Tuesday, January 9, 2007

Consumers create demand, not business

In the past, companies designed products to satisfy the largest and juiciest market first. They had a very specific priority list: First satisfy Service Providers, then Financial Institutions, then the Enterprise Market, and finalize with Consumers.
The logic was very simple: Go for the big bucks.
The interesting thing about today's economy (post Web 2.0) is that priorities have shifted dramatically. Now the big bucks are not in the SPs and Financial Institution just because they are large institutions with huge amounts of cash flow... it's not even in the public sector or the military.... It's the consumers who drive product development. The list has turned into: First Consumers, then Service Providers (because they serve consumers!), and at the remote end Financial Institutions and the Enterprise Market.
For a company whose main focus is the enterprise market or SMB, this is bad news. It's important to understand that this phenomenon affects their market tremendously. And it is not due to the "Internet Boom". It's more than that.
People ultimately look for cheap prices. It is the ideal of an almost perfect economic market. The bigger the universe of people that want to buy something, the more perfect the market is. Therefore, as we lower the communication costs with things like "Triple Convergence" or "Unified Communications" or "Skype" and "Google Earth", the more people will be attracted. And this produces huge demands, but also huge development!. That's why Skype is such a good service, or why YouTube is being able to ramp up in popularity so quick, or why Google is so big and used today.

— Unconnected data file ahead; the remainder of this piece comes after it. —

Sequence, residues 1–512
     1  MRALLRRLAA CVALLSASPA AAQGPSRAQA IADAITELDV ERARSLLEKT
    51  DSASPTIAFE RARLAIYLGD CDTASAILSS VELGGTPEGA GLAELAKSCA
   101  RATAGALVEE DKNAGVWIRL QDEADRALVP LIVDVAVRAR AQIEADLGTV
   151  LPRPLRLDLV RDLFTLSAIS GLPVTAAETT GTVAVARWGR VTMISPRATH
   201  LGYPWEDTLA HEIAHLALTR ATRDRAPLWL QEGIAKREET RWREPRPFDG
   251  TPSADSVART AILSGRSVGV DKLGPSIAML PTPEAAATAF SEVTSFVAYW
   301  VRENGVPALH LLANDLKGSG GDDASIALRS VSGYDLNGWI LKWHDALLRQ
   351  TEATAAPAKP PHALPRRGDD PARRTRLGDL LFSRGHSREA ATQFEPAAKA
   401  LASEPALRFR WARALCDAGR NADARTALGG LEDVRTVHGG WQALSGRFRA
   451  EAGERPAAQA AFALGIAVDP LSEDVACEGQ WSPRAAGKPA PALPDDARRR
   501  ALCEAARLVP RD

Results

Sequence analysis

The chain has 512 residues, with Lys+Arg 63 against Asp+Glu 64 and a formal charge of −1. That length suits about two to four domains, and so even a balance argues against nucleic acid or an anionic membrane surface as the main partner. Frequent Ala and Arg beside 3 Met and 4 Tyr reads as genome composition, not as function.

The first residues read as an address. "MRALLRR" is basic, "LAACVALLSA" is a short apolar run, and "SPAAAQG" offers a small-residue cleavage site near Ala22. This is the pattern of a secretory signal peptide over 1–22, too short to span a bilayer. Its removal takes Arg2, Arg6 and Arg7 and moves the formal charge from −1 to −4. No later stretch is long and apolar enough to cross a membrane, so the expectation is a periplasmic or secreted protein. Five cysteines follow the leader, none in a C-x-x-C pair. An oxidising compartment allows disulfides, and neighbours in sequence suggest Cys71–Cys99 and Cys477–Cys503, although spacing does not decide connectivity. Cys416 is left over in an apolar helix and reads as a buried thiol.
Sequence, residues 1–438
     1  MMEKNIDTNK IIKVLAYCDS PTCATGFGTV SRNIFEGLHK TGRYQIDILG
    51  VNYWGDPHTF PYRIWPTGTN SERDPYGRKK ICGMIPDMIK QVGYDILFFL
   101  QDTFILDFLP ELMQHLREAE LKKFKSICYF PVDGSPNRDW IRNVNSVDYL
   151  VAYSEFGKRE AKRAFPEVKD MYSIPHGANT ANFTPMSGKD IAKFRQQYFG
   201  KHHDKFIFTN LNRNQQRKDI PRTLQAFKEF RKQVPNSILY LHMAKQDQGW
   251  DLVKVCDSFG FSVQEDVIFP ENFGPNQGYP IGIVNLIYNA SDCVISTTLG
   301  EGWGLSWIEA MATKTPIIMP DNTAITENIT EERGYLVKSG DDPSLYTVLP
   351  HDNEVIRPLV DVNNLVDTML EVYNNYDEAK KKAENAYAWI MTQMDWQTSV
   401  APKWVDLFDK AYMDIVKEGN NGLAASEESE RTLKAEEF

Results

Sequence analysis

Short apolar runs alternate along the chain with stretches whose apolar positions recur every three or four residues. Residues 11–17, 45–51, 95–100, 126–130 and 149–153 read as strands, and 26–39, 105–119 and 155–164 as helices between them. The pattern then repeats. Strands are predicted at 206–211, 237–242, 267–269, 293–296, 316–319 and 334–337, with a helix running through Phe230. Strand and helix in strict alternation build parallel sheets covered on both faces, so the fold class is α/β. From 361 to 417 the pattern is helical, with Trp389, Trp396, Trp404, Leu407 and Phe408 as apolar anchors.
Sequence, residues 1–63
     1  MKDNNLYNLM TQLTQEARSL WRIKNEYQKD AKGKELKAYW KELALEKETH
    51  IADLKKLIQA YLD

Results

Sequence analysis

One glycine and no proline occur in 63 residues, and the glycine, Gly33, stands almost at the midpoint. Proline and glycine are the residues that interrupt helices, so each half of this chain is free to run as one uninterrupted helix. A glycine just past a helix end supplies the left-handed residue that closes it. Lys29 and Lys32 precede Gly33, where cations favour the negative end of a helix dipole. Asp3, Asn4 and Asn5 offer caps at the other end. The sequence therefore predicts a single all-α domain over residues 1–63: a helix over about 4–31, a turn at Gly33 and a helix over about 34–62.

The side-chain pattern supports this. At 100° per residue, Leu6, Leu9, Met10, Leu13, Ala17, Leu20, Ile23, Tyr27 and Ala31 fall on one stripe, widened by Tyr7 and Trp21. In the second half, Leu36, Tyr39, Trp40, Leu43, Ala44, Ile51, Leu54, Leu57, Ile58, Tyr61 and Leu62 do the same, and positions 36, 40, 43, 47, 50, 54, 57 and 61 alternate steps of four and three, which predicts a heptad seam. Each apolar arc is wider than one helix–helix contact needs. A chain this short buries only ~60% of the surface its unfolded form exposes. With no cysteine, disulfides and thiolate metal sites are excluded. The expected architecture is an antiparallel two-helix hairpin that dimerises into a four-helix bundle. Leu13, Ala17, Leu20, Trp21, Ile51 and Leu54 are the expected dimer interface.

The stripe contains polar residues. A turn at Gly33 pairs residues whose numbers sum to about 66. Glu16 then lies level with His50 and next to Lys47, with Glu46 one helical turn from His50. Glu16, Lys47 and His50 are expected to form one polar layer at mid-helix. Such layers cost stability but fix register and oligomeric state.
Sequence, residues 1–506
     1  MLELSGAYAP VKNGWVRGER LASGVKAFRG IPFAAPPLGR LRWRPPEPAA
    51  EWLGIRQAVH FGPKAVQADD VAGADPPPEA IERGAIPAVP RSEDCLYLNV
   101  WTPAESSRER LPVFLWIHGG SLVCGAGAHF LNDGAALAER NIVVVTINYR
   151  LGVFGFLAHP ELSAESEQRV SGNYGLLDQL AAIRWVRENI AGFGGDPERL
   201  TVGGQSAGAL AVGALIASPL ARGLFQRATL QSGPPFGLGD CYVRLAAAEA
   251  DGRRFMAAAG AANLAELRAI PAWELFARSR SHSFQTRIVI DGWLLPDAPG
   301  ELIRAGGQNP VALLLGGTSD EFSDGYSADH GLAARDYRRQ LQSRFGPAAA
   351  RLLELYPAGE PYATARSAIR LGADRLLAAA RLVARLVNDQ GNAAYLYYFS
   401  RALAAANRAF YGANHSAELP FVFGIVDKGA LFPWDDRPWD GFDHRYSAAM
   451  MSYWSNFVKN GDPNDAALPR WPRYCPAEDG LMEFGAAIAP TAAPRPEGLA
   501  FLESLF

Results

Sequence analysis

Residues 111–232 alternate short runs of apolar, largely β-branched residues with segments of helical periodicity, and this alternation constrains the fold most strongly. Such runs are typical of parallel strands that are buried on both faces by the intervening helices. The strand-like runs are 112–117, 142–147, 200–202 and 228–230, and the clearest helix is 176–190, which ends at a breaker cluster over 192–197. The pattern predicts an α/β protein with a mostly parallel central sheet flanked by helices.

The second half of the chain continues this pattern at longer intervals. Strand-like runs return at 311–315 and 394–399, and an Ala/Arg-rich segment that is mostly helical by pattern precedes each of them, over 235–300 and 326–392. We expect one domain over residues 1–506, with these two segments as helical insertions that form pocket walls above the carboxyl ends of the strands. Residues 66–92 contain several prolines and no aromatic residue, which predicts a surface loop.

For an Enterprise-oriented company to survive, it has three options: (1) it either changes to a consumer market, (2) it understands why would a company pay premium prices for a product/service (telephone service, for example, when any human being can use skype to call for free across the world), or (3) do both.
That is why it's so important to understand your customer and know how to respond to questions like "Why would I buy that?". The standard "Because it is enterprise level, so it is of better quality" answer, no longer applies.
For Example, think about Linux vs. Windows. Why hasn't Linux been adopted as the main Operating System if it's free? - Because it is not yet simple enough for the average Joe. Therefore, Microsoft is safe (for now). There isn't enough interest in the consumers. The barrier of entry is not so low. But what about Skype, for example. These is the type of questions that you should be thinking about... after all, the customer is always looking for the best deal.

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